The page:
I hope everyone has a haiku 2021, filled with bits of magic!C:\Users\Amy\Pictures\Amy Losak 2015 - I think - With Cardigan Mitch Vera House on LI.jpg


Amy Losak is an experienced public relations professional specializing in healthcare media relations. 

Thanks to her mother Sydell Rosenberg’s literary influence, Amy writes and publishes her own haiku today. Her publications include Acorn, Akitsu Quarterly, Autumn Moon Haiku Journal, brass bell: a haiku journal, Failed Haiku, Frameless Sky, Frogpond (the journal of the Haiku Society of America), Hedgerow, The Heron’s Nest, Modern Haiku, Newtown Literary, Tinywords, Prune Juice; and more. 

Amy’s and Syd’s work are also featured in several recent anthologies, such as All the Way Home: Aging in Haiku (edited by Robert Epstein; Amazon), behind the mask: haiku in the time of Covid-19 (edited by Margaret Dornaus; Amazon), and Another Trip Around the Sun: 365 Days of Haiku for Children Young and Old (edited by Jessica Malone Latham;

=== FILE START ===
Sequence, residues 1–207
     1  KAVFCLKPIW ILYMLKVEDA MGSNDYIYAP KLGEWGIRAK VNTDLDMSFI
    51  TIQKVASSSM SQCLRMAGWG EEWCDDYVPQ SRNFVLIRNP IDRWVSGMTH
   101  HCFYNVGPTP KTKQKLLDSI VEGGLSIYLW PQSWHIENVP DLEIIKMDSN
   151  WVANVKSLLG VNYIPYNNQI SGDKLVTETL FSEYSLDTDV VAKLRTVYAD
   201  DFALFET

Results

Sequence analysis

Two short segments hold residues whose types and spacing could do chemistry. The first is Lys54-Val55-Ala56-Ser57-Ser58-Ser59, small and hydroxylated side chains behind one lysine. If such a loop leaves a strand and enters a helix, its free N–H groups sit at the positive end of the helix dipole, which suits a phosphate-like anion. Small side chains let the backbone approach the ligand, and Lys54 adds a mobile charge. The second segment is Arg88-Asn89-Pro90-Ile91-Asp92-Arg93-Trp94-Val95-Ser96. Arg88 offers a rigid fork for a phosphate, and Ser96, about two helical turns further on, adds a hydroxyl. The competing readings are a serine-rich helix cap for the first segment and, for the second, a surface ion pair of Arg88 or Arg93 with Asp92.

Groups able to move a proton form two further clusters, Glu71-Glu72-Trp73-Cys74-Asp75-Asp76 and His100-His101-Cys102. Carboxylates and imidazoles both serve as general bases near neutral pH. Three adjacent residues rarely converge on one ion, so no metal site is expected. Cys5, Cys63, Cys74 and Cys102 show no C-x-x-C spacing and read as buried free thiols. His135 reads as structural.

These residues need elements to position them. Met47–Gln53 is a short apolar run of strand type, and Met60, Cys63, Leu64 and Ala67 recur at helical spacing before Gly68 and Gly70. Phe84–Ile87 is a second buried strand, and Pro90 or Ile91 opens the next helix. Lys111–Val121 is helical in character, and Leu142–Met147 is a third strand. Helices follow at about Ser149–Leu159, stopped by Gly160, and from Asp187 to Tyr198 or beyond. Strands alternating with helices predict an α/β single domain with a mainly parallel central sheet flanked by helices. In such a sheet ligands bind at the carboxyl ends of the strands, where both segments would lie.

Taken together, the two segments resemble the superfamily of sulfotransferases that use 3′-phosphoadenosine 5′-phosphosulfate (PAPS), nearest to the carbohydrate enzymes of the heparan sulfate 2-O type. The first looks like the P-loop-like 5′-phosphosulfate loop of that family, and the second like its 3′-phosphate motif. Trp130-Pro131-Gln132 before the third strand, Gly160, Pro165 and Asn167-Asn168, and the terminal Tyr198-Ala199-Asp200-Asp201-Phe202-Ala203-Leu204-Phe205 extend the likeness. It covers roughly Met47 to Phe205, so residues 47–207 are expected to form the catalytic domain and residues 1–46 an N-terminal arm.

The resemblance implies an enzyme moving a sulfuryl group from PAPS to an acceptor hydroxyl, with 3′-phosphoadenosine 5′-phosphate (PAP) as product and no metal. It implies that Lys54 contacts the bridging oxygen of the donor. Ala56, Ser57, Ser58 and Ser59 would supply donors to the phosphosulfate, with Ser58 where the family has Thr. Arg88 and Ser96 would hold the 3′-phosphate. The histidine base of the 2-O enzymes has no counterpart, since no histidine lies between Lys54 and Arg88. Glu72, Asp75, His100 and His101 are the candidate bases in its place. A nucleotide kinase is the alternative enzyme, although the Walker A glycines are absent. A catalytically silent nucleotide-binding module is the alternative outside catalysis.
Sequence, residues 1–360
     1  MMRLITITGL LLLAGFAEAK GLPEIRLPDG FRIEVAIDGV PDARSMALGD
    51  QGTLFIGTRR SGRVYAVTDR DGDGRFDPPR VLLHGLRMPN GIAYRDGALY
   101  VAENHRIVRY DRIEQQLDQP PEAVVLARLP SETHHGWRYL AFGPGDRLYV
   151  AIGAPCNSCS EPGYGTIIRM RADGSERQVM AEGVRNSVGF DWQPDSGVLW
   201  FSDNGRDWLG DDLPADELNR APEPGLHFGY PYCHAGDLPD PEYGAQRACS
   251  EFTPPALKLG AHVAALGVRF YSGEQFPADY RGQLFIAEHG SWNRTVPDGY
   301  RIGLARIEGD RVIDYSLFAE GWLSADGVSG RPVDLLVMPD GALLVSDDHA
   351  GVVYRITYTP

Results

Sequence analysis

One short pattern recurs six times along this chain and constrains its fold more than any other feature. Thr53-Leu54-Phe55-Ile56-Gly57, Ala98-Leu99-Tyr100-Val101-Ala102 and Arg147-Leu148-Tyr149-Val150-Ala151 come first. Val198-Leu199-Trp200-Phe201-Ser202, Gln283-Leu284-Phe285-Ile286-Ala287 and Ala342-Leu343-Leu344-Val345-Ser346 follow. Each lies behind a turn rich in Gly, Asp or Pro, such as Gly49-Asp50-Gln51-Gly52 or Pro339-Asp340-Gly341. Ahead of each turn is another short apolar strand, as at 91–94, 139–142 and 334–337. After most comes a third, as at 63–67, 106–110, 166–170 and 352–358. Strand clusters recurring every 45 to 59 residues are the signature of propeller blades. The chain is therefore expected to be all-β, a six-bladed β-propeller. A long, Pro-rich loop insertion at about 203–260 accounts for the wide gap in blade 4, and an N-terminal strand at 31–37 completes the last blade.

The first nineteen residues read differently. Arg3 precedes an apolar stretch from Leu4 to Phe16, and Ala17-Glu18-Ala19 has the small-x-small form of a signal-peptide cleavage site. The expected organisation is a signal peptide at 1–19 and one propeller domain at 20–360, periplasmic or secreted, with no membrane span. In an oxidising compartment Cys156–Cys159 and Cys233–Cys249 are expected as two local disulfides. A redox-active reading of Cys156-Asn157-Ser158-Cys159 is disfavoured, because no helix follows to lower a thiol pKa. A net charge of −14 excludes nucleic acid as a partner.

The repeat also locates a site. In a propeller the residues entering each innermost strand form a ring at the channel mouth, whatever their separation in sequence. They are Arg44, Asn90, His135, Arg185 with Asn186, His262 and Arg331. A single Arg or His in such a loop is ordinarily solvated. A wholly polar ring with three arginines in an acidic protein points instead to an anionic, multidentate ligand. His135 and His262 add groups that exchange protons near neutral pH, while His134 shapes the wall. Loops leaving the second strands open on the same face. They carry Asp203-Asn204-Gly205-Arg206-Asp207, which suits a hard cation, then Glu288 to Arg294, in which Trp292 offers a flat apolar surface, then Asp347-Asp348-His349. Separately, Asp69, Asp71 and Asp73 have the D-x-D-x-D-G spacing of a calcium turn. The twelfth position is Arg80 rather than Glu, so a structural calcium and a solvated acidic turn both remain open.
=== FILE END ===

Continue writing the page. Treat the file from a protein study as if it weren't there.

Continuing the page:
Syd’s senryu (short and often wry poems about human nature) are featured in The Poetry of US: More than 200 poems that celebrate the people, places, and passions of the United States (edited by J. Patrick Lewis, former Children’s Poet Laureate; Amazon)

Some Links:

H Is For Haiku lesson article: 









H Is For Haiku from Penny Candy Books is available everywhere.